Regional filmmakers from Portland, Seattle, and Vancouver were always showcased at the Bellevue Film Festival, including Seattleites Robert Brown and Frank Olvey (The Tempest); Karl Krogstad (Wynken & Blynken & Nod), Doris Chase (Circles), Bruce Bickford (The Last Battle on Flat Earth), Marvin Albert (Ariope Colliope), and many others. Portland animators Jim Blashfield (The Mid-Torso of Inez), Joan Gratz (A.C. – 16, An Animated Painting), and Will Vinton (Closed Mondays), along with an early film by Gus Van Sant (The Discipline of DE) made before he moved to Portland were screened. And Vancouver filmmakers as diverse as David Rimmer (Variations on a Cellophane Wrapper), Kirk Tougas (The Politics of Perception), and Chris Gallagher (Atmosphere) were shown. Jim Blashfield remembers driving up to Bellevue every summer to attend the festival with a group of filmmaker friends from Portland. The Bellevue Film Festival was key to introducing a new generation of Northwest filmmakers to the world of experimental film.
New and Now Historic
The Bellevue Film Festival attracted many of the best filmmakers of its time, mostly due to the large $1,000 Grand Prize (the most money awarded to a single artists of any festival of that time). The BFF Grand Prize winners included three films from the Northwest. Sean Malone from Seattle won in 1972 with two short personal documentaries made at King Screen Productions called Livin’ on the Mud and Alone and the Sea. Another regional film, Eat the Sun was a 1975 winner made by two Evergreen State College film students, Jim Cox and Steve De Jarnatt, who are both now Hollywood writers and directors. Vancouver animator Marv Newland was the last prize winner in 1981 with Sing Beast Sing. Other Grand Prize winners included some of the biggest names in experimental filmmaking of that time: James Broughton (The Golden Positions, 1970); Hollis Frampton (Nostalgia, 1971); Guvnor Nelson (Moon’s Pool, 1973); Jordan Belson (Light, 1974); and Bruce Conner (Crossroads and 5:10 to Dreamland, 1977).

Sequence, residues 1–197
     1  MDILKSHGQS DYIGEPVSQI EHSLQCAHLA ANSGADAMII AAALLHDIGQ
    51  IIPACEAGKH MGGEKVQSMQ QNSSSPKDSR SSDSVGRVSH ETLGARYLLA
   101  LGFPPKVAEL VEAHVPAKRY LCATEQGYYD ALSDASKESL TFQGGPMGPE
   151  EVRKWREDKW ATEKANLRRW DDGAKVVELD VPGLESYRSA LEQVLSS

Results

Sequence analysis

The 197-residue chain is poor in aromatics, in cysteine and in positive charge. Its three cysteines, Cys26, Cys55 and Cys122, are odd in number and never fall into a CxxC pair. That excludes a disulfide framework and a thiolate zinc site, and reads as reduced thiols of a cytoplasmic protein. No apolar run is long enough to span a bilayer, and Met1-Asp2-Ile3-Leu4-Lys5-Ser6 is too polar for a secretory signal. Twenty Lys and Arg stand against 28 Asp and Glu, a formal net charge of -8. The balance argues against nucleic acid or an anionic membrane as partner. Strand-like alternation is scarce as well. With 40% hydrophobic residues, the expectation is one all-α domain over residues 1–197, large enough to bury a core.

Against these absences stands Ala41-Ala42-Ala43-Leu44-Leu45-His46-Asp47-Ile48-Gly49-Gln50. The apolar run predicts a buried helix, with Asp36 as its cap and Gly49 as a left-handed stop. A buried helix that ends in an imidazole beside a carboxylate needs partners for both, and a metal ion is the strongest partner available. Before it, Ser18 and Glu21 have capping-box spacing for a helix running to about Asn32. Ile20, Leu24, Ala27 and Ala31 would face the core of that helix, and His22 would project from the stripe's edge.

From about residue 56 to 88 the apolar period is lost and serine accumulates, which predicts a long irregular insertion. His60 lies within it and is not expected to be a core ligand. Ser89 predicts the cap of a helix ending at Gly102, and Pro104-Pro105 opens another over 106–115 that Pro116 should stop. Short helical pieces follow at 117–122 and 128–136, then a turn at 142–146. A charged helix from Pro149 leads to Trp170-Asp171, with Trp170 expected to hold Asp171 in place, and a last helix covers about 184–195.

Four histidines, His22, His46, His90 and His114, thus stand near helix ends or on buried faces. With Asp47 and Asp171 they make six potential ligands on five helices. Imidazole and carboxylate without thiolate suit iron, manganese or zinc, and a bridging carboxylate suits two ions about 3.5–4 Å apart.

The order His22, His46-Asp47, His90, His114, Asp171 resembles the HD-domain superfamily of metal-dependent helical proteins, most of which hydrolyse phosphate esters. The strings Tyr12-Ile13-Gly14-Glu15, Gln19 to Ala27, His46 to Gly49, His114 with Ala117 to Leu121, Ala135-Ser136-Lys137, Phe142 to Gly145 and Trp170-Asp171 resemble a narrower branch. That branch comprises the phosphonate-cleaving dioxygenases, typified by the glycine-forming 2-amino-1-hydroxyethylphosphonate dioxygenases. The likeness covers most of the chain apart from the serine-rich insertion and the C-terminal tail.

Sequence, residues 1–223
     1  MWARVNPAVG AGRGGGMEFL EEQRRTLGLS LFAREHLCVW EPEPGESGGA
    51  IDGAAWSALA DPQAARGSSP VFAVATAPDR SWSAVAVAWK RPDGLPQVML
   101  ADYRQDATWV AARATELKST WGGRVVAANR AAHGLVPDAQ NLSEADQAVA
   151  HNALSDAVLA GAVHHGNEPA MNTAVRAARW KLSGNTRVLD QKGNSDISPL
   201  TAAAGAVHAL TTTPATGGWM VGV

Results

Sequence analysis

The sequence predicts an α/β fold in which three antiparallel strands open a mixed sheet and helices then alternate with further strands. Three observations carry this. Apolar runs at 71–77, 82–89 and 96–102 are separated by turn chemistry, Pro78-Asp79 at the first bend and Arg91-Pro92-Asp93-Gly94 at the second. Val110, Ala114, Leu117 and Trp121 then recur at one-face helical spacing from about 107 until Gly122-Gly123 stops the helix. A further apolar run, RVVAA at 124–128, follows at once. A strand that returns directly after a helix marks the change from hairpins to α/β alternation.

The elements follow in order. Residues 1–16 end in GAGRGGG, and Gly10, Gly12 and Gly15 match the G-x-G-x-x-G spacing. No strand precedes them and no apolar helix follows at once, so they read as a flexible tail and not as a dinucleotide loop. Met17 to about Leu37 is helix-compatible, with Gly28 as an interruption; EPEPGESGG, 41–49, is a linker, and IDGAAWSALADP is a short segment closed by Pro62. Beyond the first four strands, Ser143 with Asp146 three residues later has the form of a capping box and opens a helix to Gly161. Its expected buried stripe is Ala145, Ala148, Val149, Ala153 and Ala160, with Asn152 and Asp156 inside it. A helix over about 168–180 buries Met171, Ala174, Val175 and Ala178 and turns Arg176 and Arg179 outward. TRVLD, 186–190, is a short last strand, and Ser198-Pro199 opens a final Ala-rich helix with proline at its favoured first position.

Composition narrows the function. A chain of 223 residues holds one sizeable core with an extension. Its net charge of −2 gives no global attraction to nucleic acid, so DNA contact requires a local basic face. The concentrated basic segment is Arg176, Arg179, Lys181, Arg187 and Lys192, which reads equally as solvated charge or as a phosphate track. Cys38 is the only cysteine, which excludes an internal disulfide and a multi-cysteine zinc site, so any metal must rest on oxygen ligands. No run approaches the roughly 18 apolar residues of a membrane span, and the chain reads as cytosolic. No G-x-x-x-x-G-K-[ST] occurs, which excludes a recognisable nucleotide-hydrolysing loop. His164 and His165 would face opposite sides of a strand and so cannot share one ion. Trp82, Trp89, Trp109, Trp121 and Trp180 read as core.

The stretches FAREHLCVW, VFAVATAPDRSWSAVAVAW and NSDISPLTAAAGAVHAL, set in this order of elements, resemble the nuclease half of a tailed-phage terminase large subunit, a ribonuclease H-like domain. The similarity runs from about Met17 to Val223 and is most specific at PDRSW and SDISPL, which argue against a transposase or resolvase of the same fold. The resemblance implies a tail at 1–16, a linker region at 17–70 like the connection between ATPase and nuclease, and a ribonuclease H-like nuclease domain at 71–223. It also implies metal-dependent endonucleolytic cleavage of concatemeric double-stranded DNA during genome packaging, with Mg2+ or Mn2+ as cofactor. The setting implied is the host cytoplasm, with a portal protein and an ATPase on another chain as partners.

Now-historical experimental filmmakers such as Bruce Baillie (Castro Street), Bruce Conner (Report), Paul Sharits (Sears Catalogue 1-3), James Benning & Bette Gordon (The United States of America), Ernie Gehr (Moments), Scott Barlett (Moon 1969), and Pat O’Neill (Foregrounds) were also shown at the BFF. Legendary documentary makers such as Les Blank (The Blues According to Lightnin’ Hopkins), Ralph Arlyck (Hyde Park), Tony Buba (Betty’s Corner Café), Jon Else (Mrs. Barney) and many others were prize winners. And early Hollywood directors such as David Lynch (The Grandmother), Amy Heckerling (High Finance), and Martin Brest (Hot Dogs for Gaugin starring the then-unknown Danny DeVito) were screened.
The Bellevue Film Festival also represents the early history of experimental animation, having screened such key artists as Jane Aaron (Interior Designs), Robert Breer (LMNO), Sally Cruikshank (Quasi at the Quackadero), Jules Engel (Train Landscape), Paul Glabicki (Diagram Film), Frank Mouris (Frank Film), and Kathy Rose (The Doodlers), among many others. Within this expansive history, early computer-generated animation classics are found by artists such as Larry Cuba (3/78?), Jordan Belson (Light), Ken Knowlton and Lillian Schwartz (Enigma), Dennis Pies (Sonoma), and John Whitney (Matrix).
A 14-Year Run
The Bellevue Film Festival continued to grow and mature for the next 14 years, ending in 1981 with the demolition of the Bel Vue Theater to make way for expansion of the Bellevue Square Mall. There was no festival in 1980 because of renovations being made to the Bellevue Square Mall near the theater. As the festival matured, it also developed a regional tour of selected winners that went to the Seattle Art Museum, Portland State University, and Vancouver, B.C.
The original format of the festival, with a single judge, short films, a $1,000 Grand Prize, and a focus on film as art was a successful strategy that only changed slightly in the last years when Carol Duke decided to experiment and have invitation-only festivals in 1979 and 1981. Carol Duke died in 1995, but her legacy of the Bellevue Film Festival lives on in the form of a burgeoning regional Northwest media community and a new Bellevue Art Museum Film and Video Festival presented annually by the Museum during the still-vibrant Bellevue Arts & Crafts Fair.